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Tributes to 106-year-old Tom - a great Ross-shire man who inspired many

By SPP Reporter

Tom MacIver pictured celebrating his 106th birthday last year
Tom MacIver pictured celebrating his 106th birthday last year

WARM tributes were paid this week to 106-year-old Ross-shire gent Tom MacIver, described as a great man who will live long in the collective memory of the Highlands.

Mr MacIver from Muir of Ord, who celebrated his 106th birthday last June and achieved the distinction of being Scotland’s oldest man, slipped away gently in his sleep last Friday during a lie down after lunch while in respite care in Kingussie.

His funeral will be held today (Friday) at Kiltearn Parish Church in the village of Evanton, where he lived for 40 years.

The great-grandfather was born on June 13, 1907 in Coigach, Wester Ross, and his enthusiasm for life saw him dedicate his time to being a family man, teacher, further education officer, founder of the Ross-shire branch of the Liberal Party and a community activist.

Mr MacIver, who lived with his daughter Mairi, also enjoyed many pastimes including reciting humorous poems, golf and sailing, and was awarded an MBE.

During one of his many interviews with the Ross-shire Journal he said “he never dreamt” that as a young man he would live long enough to gain the title of Scotland’s oldest man.

He also credited his long, varied life to “refusing to go to seed” during his 43-year retirement.

Mr MacIver is survived by his three children – Mairi, Iain and Colin – as well as grandchildren and great-grandchildren.

His family paid a moving tribute yesterday to their father in a statement which read: “He will be remembered for his prodigious memory and wide range of interests, which allowed him to engage so easily with people of all ages.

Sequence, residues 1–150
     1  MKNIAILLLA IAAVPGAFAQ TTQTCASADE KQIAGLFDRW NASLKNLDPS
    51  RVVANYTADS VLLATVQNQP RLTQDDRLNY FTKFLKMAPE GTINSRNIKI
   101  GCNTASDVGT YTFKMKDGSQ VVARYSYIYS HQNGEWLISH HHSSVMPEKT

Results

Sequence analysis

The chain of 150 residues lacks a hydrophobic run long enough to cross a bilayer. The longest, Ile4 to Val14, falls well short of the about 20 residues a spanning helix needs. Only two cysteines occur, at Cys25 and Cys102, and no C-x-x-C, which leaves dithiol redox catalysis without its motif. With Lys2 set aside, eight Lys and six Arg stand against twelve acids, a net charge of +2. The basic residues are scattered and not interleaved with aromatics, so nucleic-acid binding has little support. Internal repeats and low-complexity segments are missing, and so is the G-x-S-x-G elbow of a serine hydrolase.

“Any topic of conversation would elicit a quotation or turn into a fascinating history lesson.

“There was always a twinkle in his eye and he was a very supportive father. He always took a great interest in the education and wellbeing of all the family.

“Having lost our mother so young we were so fortunate that he lived to such a remarkable age. He is irreplaceable and will be hugely missed by us all.”

One of Tom’s great lifelong passions was politics and he formed a county branch of the Liberal Party when he returned to work in Ross-shire in the 1950s.

Liberal Democrat MP for Ross, Skye and Lochaber Charles Kennedy said he had never known anyone quite like Mr MacIver.

“Tom’s death is incredibly sad for me, as along with a small handful of people such as John Farquhar Munro and the late Harry Miller, Tom was absolutely crucial to my success in my first election in 1983,” he said.

“The way Tom threw his enthusiastic, cheerful and hard-working support behind the campaign helped turn an impossibly difficult task in to a historic result.

“Since then Tom’s combination of wisdom and wry humour was something special that I and fellow Liberal Democrats across the north of Scotland came to value.

“I have never known anyone quite like Tom. For this reason he’ll be hugely missed, but so great a man was he that I have no doubt he will live on in the collective memory of the Highlands for a very long time indeed.”

Highland councillor and former Lib Dem MSP Jamie Stone described Mr MacIver as a true friend who had encouraged him “to go for Holyrood”.

“I found Tom truly inspirational,” he said. “He was remarkable in that he kept the small Liberal light shining during the bad decades when the Tories and SNP rampaged through Ross-shire and the Liberal party was almost extinguished. For that he will always have a special place in my heart.”

Mr MacIver had lived through 37 British Governments and four coronations in his life and was middle-aged when the Queen came to the throne.

Born at Achduart — the name of his Muir of Ord home – where his mother was a teacher, Mr MacIver moved down when he was 14 to go to Ullapool secondary school before studying for an arts degree at Glasgow University.

His first teaching post after graduating was in Plockton and after his marriage to his wife Anne he moved to Kyle, where he was appointed headteacher.

He later took up a headteacher’s post at Bridge of Marnoch in Banffshire.

For a short spell Mr MacIver was further education officer for Skye before moving to take up the same role for Ross-shire.

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